Red lights. Lighting of instruments by indirect individual red lights; is unsatisfactory because uniform light distribution over al, parts of the instrument cannot be achieved. There is no illumination of knobs and switches. Red flood lighting of the whole instrument panel is more satisfactory. However, the ability to distinguish colours one from another is lost. Coloration of maps is indecipherable and information printed in red becomes unreadable.

White lights. Low density white, light is considered the best cockpit lighting system. The instruments can be clearly read and colours recognized. Because the low density white light can be regulated, dark adaptation is not destroyed although it is somewhat impaired.

Thunderstorms.  It is not advisable to fly an airplane through or near thunderstorms. The blinding flashes destroy night adaptation. Turn the cockpit lights full bright if you are in the vicinity of lightning activity in order to prevent lightning blindness.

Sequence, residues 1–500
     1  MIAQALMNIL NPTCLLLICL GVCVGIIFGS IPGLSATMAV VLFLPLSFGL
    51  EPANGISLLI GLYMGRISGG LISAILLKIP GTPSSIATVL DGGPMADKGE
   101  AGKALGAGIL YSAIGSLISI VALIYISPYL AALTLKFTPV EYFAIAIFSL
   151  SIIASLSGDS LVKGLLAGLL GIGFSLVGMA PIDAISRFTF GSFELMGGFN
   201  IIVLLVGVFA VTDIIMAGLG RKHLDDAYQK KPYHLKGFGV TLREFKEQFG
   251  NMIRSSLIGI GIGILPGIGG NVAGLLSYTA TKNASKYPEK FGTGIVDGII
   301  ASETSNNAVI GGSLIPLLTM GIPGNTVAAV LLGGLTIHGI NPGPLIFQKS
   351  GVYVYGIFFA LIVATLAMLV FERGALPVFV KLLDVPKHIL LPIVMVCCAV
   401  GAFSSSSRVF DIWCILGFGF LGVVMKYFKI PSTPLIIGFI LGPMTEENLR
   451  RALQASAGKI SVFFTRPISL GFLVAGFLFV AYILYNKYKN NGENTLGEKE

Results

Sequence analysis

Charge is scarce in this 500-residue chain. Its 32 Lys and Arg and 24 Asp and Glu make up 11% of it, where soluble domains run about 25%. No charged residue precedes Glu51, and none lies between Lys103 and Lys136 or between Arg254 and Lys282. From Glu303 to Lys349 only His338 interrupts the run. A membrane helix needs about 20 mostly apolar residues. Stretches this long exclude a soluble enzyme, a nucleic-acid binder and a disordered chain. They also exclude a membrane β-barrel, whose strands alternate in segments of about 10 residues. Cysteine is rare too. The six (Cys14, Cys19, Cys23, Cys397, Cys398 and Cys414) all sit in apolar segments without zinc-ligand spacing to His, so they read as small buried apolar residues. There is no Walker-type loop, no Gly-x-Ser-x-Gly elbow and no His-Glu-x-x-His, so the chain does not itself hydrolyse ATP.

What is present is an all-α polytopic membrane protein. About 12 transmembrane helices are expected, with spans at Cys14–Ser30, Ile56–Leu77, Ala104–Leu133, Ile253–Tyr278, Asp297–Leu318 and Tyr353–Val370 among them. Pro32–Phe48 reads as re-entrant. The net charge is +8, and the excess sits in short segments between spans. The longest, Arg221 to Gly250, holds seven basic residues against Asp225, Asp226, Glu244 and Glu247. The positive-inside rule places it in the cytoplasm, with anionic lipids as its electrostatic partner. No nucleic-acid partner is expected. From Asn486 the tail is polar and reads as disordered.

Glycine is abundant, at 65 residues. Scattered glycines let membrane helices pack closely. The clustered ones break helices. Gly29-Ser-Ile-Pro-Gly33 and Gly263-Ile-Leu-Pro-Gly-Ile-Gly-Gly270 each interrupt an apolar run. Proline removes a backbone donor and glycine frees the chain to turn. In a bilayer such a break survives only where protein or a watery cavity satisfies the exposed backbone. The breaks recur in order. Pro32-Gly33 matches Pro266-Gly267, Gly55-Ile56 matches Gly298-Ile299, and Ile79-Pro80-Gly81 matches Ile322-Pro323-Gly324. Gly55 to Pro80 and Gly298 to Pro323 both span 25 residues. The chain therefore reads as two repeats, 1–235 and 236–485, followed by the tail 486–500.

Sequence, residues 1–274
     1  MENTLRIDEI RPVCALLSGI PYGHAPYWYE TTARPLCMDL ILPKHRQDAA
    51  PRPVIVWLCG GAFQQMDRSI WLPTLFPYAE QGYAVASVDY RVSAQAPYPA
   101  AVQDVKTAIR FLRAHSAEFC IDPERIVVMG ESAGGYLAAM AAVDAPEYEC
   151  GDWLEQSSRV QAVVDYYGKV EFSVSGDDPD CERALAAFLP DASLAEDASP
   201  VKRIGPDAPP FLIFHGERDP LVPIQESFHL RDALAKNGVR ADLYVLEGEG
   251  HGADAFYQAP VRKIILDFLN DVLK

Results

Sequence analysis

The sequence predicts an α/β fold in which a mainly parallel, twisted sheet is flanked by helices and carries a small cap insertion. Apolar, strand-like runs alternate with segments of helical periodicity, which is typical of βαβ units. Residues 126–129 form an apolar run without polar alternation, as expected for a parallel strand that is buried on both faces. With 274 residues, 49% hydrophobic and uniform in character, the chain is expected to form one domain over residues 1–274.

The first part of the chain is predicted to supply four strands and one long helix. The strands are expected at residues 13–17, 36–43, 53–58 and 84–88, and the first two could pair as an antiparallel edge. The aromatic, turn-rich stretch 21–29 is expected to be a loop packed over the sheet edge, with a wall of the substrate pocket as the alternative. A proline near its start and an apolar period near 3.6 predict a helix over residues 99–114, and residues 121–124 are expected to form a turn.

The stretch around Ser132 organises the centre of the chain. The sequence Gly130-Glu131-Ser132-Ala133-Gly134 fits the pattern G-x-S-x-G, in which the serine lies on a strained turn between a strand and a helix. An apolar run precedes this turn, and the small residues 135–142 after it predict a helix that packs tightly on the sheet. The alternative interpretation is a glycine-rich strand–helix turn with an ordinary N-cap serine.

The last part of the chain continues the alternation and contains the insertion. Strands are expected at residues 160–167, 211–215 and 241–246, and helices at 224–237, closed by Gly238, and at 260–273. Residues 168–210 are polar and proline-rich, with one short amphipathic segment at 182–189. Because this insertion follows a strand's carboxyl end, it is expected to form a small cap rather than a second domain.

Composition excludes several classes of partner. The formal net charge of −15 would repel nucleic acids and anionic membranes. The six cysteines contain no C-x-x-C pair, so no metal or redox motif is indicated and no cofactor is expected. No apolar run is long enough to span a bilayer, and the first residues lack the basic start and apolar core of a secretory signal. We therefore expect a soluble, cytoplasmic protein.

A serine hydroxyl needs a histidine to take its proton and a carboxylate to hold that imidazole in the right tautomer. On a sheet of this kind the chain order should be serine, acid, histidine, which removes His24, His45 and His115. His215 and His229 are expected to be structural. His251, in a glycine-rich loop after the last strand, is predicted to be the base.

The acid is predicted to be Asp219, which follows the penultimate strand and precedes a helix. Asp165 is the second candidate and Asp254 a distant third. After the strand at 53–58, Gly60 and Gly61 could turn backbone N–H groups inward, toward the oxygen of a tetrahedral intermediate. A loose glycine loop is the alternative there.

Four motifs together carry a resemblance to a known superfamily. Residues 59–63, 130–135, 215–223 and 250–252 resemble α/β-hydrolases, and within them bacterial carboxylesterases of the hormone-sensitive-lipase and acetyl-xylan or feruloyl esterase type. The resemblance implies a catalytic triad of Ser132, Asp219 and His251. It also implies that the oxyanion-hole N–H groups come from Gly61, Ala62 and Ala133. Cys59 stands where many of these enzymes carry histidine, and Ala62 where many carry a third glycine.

Anti Collision Lights.  When flying in the clouds, strobe lights and rotating beacons should be turned off as the reflection off the cloud of the blinking light is irritating to the eye. 

B.  noise, vibration and temperature


Noise is both inconvenient and annoying. It produces headaches, visual and auditory fatigue, airsickness and general discomfort with an accompanying loss of efficiency. Even at levels which are not uncomfortable, noise has a fatiguing effect, especially when the pilot is exposed for a long period as on a lengthy cross country flight. To arrive at destination suffering from noise induced fatigue and have to, make a landing under minimum conditions is clearly an undesirable situation.

Noise levels in the range of 130 decibels or above are very dangerous and should not be experienced without ear protection . (The unit of sound intensity or loudness is called the decibel or db.) Yet, little has been done to reduce and control noise in aircraft cockpits. Tests; have measured the sound level in modern aircraft at 90 to 100 decibels. Noise levels in jets can approach 140 decibels.

With noise levels of this magnitude, hearing damage is a distinct problem unless some sort of hearing protection is used. Many pilots report temporary loss of hearing sensitivity after flights. Still others have reported an inability to understand radio transmissions from the ground, especially during take-off and climb when the engine is operating at full power. In fact, there is documented evidence to show that continued exposure to high levels of aircraft noise will result over the years in loss of hearing ability.